The animation is a mixture of geometric shapes (Phineas’s head is a simple triangle), a style that again falls somewhere between harsh angularity of “The Fairly Oddparents” and the softer world of “Kim Possible.” It’s a pleasing-to-watch style that’s totally compatible with the wild inventions, wise-guy writing, and breakneck pacing–especially eyebrows that float like halos above some heads. But what makes nearly every episode click is a running gag that will remind older viewers of the “Bewitched” TV series, where a neighbor who knew darned well that Samantha was making strange things happen next door kept trying to get her husband to look. But every time he would, things would have returned back to normal. The same thing happens here, with Phineas’s older natural sibling Candace (Ashley Tisdale, “High School Musical”) obsessed with trying to get her mother to see the kinds of stunts that her brothers are pulling on a daily basis. And the gag is even funnier transplanted to a situation involving an older sister and troublemaking younger brothers–something that so many kids across America can identify with.
Although this particular collection of episodes didn’t strike me as strong as previous releases, there are still fun moments. “Phineas and Ferb” is a show that older siblings will enjoy watching with younger ones and even parents, who may be reminded of the old “Adventures of Rocky and Bullwinkle” shows because of the irreverent, self-conscious style. The show has the same kind of energy too, and offbeat sensibility that stops short of the manic, up-the-pace nonsense that often drives the Cartoon Network shows.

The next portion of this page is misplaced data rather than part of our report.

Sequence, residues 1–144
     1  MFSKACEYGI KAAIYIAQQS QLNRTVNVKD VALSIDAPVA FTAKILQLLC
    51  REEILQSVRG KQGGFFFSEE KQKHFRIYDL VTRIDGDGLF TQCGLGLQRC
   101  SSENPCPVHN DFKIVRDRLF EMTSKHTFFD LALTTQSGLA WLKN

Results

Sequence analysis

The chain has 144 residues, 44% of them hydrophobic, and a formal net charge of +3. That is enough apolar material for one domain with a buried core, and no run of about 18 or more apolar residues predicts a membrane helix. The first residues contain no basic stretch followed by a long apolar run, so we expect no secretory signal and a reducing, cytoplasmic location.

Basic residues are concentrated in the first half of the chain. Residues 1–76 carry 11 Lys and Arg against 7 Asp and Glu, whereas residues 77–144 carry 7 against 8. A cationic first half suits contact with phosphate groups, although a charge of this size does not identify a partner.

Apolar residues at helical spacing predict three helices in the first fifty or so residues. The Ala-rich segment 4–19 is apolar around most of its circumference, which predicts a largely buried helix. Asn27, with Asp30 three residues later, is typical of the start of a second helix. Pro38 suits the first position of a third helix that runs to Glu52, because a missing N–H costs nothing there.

“Phineas and Ferb: The Perry Files – Animal Agents” includes the following episodes:
“Bowl-R-Drama” (Season 1)
“Journey to the Center of Candace” (Season 1)
“Traffic Cam Caper” (Season 1)
“Cheer Up Candace” (Season 2)
“Isabella and the Temple of Sap” (Season 2)
“Robot Rodeo” (Season 2)
“Vanessassary Roughness” (Season 2)
“Agent Doof” (Season 3)
“Lotsa Latkes” (Season 3)
“What’d I Miss?” (Season 3)
“Where’s Perry?” Pts. 1 & 2 (Season 3)
The picture looks sharp for a DVD, with richly hued colors and a nice level of detail for standard definition. Disney’s M.O. has been to release a handful of episodes per DVD, rather than come out with full seasons of its children’s TV shows. Though it’s rated TV-G, more adults would be likely to watch this show than most of the Disney Channel offerings. The aspect ratio, unlike some previous releases, is 1.78:1, “enhanced” for 16×9 television monitors.
The audio is a Dolby Digital 2.0 in English, Spanish and French, with subtitles in English, English SDH, French, and Spanish. It’s a pretty standard-issue audio, so there’s not much to report.
The big extra on this disc is “Take Two with Phineas and Ferb,” cameos with celebrities doing promos and routines with the characters. Among them is soccer star David Beckham. Also included is a “Spy Kit” that contains, among other paper things, cardboard binoculars that Mom or Dad can assemble.
In an earlier review I called “Phineas and Ferb” one of the most clever cartoons pitched at kids that’s being made today–this generation’s “Rocky and Bullwinkle.” It’s offbeat, high-energy, wink-wink humor that adults will find funny too. But this particular collection of episodes didn’t strike me as the best of what the show has to offer.